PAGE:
The box itself is robust enough to withstand shipment and lockable for safe storage, and the inside of the lid can be coated with chalkboard paint, which is provided. Thanks to designs such as this, education continues to play a part in emergency response; children can be gathered in safe spaces where positive development and a comforting sense of normalcy are provided.

Aid organizations such as UNICEF rely on the logic and methodical structure of design thinking in the development of new tools for providing aid in situations of disaster and conflict.
When I told Ms. Kolchin that my knees were killing me — from photographing at MoMA since 10 AM that morning she offered to give me a ride in her walker.
Inspired Gifts: Ready-to-Use
Therapeutic Food (RUTF) and
Suspended Baby Scale
U.S. Fund for UNICEF

Top left: One laptop per child, USA est. 2005. The XO Laptop is an inexpensive computer for children in the developing world. It was specifically adapted to the needs and habits of children: it is the size of a textbook and lighter than a lunch box, with soft edges, a handle, and a rubber keyboard; it is recyclable, drop-proof, splash-proof, and dust- proof; it can be manually recharged; and its wireless antennae resemble playful rabbit ears.

More than seven hundred thousand of these laptops have been distributed in schools.

UNICEF's Inspired Gifts series of products and kits support nutrition, vaccination, and education for children in need.

Some of the items displayed here and others are available for purchase at unicefusa.org.
At top left: pouches with ready-to-eat baby food. Center: A suspending baby scale for weighing babies in a pouch.

In the foreground is a UNICEF poster, Bad Water Kills More Kids Than War.

Distributed by UNICEF United Nations Children's Fund (est. 1946), the photograph by Henrik Halvarsson is of a child shooting herself with a water pistol.
Detail of UNICEF poster, Bad Water Kills More Kids Than War.
Children's books are in abundance, tethered to various tables and benches throughout the sixth floor.
Belle and Bliss Beyer, who are 10 and 12.
How often do you take a picture of a girl named Bliss reading a page like this?
Belle and Bliss with their parents, Loren Pack and Rob Beyer.
Mark Mitton is one of the country's top magicians — a master of card tricks. He has three gigs coming up in East Hampton. one of which is for Alec Baldwin.

Meriam Good is the Executive Director of the Mind Science Foundation in San Antonio.
Stefan Casseus is a bartender at Acme in NoHo and his best friend Christine Ferreira is a model with Wilhelmina. What's his favorite drink? "To make, a vodka and soda. To drink, an old-fashioned with an orange and a lemon twist." Lily Kyons, Director of External Affairs for the Calder Foundation.
Architect William Ryall, who has designed one of the first passive houses in America.

The term passive house (Passivhaus in German) refers to the rigorous, voluntary, Passivhaus standard for energy efficiency in a building, reducing its ecological footprint. It results in ultra-low energy buildings that require little energy for space heating or cooling.
William Ryall, Cathleen McGuigan (Editor of Architecture Record), and architect Charles Warren.
The gift shop was open for business.
Playing with an original Hoberman Sphere, on sale in the gift shop.
Rich Perusi and Katie Hertel. Ms. Hertel is an Interactive Producer for Hellomonday.com, who worked on the exhibition website for MoMA.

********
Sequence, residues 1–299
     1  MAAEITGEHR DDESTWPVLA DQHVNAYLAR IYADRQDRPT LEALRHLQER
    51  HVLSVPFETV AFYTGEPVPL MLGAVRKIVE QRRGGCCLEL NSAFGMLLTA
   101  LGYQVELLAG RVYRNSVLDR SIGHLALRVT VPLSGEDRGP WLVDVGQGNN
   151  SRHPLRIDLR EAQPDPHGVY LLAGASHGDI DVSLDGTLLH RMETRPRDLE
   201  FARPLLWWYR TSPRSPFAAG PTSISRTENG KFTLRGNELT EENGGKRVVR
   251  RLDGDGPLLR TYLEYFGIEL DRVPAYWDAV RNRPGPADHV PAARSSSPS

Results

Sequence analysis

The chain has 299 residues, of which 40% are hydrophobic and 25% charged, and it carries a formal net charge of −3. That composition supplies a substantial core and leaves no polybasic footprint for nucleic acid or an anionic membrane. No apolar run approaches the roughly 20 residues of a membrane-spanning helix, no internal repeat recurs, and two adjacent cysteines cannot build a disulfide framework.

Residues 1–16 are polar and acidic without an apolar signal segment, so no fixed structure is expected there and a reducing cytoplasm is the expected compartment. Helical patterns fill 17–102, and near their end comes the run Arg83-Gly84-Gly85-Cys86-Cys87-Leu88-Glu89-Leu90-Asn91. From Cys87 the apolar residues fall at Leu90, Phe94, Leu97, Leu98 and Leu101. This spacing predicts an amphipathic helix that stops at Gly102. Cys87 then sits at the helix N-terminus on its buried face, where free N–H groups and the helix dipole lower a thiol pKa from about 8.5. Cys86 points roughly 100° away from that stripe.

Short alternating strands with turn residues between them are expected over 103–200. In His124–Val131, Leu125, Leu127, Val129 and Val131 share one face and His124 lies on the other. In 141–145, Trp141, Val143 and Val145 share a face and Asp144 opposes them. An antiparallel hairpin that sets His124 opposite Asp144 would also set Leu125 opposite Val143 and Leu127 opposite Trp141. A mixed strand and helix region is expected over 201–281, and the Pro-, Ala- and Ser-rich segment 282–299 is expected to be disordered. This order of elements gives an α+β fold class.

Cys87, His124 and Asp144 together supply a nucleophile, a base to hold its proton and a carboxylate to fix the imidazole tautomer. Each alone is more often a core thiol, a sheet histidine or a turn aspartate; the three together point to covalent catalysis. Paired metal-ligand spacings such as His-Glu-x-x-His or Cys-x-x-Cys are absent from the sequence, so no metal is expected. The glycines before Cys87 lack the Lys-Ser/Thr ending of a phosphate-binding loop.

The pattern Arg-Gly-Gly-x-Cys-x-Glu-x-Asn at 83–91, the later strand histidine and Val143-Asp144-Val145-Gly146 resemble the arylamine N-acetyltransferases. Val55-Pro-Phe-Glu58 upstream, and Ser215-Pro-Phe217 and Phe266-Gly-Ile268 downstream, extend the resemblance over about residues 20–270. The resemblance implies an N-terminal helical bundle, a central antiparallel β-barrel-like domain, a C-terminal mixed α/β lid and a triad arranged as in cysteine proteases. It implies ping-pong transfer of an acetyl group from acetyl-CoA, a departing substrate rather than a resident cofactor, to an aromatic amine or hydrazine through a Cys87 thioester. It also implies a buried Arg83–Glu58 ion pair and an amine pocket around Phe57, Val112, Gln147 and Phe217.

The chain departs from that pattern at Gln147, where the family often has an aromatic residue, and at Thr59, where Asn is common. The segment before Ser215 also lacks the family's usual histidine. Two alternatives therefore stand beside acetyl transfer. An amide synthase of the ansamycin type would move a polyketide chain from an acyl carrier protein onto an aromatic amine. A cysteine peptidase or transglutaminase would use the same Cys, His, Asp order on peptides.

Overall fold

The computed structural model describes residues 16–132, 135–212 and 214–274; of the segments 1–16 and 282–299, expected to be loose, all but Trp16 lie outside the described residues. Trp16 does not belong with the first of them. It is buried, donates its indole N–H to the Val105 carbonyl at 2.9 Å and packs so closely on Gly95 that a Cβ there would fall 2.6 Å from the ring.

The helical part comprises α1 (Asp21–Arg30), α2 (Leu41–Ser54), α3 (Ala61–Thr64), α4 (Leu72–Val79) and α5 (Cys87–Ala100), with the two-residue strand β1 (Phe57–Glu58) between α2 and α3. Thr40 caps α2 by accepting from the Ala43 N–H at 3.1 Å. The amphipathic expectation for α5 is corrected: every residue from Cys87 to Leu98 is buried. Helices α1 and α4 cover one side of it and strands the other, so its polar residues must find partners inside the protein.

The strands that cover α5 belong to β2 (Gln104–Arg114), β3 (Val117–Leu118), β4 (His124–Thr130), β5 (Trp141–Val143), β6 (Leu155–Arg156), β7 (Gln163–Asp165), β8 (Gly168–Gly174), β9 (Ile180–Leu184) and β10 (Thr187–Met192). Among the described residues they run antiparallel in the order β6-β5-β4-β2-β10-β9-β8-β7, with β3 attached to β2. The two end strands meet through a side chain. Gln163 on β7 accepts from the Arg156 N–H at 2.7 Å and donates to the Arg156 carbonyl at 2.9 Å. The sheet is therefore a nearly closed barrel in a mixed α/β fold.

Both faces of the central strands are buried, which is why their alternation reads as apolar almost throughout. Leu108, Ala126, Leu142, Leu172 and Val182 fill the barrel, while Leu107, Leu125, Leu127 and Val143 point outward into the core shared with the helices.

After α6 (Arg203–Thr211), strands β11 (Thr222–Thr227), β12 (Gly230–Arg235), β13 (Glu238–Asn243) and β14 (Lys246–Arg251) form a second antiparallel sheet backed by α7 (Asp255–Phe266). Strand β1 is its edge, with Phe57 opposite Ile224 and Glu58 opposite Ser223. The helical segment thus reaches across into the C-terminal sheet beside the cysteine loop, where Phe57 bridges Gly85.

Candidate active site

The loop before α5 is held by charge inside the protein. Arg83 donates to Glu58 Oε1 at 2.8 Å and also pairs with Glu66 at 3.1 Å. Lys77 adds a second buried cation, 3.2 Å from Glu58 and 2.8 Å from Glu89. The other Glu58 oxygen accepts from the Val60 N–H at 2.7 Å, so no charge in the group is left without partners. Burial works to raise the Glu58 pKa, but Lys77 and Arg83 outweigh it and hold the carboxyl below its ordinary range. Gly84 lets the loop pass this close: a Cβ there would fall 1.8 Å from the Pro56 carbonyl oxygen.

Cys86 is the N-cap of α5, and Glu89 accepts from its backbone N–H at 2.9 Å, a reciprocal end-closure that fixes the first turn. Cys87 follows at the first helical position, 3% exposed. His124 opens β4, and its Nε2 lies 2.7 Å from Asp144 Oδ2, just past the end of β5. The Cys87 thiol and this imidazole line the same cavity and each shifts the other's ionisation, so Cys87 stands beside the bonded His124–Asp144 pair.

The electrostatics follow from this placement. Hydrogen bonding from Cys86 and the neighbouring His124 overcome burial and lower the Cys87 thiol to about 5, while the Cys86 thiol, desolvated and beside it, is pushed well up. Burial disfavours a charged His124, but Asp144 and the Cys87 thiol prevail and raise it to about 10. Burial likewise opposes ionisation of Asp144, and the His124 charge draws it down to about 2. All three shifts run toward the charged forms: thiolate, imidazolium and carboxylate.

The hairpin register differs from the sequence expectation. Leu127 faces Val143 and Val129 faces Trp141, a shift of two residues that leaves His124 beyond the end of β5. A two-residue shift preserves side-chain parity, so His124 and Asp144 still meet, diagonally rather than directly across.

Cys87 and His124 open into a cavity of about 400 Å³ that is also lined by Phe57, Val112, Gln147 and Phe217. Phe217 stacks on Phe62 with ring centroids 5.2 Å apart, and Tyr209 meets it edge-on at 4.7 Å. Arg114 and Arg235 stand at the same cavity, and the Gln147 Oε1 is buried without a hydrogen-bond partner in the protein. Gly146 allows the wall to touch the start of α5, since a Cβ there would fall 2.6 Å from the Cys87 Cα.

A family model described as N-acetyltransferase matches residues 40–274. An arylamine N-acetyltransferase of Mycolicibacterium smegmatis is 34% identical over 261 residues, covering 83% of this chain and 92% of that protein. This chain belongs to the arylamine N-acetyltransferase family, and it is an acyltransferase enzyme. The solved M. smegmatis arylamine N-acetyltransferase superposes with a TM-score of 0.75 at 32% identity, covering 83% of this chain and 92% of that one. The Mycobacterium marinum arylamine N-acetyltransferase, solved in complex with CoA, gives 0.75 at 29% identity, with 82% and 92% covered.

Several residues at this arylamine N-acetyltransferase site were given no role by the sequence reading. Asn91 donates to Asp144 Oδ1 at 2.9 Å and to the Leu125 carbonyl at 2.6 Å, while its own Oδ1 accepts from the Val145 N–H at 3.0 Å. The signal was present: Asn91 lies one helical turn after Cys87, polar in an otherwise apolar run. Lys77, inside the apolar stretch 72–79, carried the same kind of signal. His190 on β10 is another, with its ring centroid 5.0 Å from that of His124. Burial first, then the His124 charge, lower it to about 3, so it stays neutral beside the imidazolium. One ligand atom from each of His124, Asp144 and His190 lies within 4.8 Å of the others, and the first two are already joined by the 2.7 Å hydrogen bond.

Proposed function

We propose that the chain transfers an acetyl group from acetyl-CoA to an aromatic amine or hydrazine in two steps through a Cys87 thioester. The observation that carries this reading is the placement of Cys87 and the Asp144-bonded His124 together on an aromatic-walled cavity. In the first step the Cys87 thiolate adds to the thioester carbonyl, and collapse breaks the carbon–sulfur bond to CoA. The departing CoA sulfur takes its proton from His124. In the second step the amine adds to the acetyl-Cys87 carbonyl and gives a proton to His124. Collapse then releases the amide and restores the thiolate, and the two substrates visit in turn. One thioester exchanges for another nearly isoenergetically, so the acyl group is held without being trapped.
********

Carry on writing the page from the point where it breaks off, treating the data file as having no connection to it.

Jane Chermayeff looks on as Dr. Laura Dattner, a pediatrician, interacts with the Wasserstrudel installation, which is part of the exhibition.

Sadly, this installation is difficult to find. It's way over to the left (near the rest rooms) as you face the wall mural prior to entering the galleries (which you enter on the right). In fact, I would never have seen it if Jane had not brought me over to have a look, because she owns the piece and loaned it to MoMA.

This Wasserstrudel (Water Swirl) belongs to a series of sculptural play-work stations, still in production by Richter Spielgeräte GmbH, called "Play Stations for Developing the Senses according to Hugo Kükelhaus." Jane's company represents Kükelhaus designs.

The design is adapted from the bicycle-powered original (seen in the drawing displayed below), which made its international debut in the German pavilion at Expo 67, in Montreal.

Kükelhaus, a master carpenter who studied sociology, philosophy, mathematics, and physiology in Heidelberg, designed these interactive stations in the 1960s to create "experience fields" to illuminate aspects of natural science, such as gravity and balance, sound and hearing, and color and sight.
Richard Dattner watches as his daughter Laura Dattner creates a whirlpool within the sculpture.

Mr. Dattner is an architect and has done a great deal of work for children — including playgrounds (six in Central Park), schools, and medical units (www.dattner.com).

His list of playground activities was in the exhibit and one of his projects, the Habitot, was to be included as well but was unfortunately pulled at the last minute.
Hugo Kükelhaus
German, 1900-1984

Design for a bicycle-powered Wasserstrudel
(Water Swirl)
1967
Designed for Expo 67, Montreal
Colored pencil on paper
Lily Vonnegut photographed by Jill Krementz on a swing in Sagaponack; September 1, 1985.

"Life Without a Swing is a Misunderstanding" – Hugo Kükelhaus

(Mr. Kükelhaus is the designer of the Wasserstrudel installation on view at MoMA. Jane Chermayeff is reprinting a book by Kükelhaus, Inhuman Architecture, and this is the opening line.)
Click here for Part 1 of Century of the Child: Growing by Design, 1900-2000.

Text and photographs © by Jill Krementz: all rights reserved.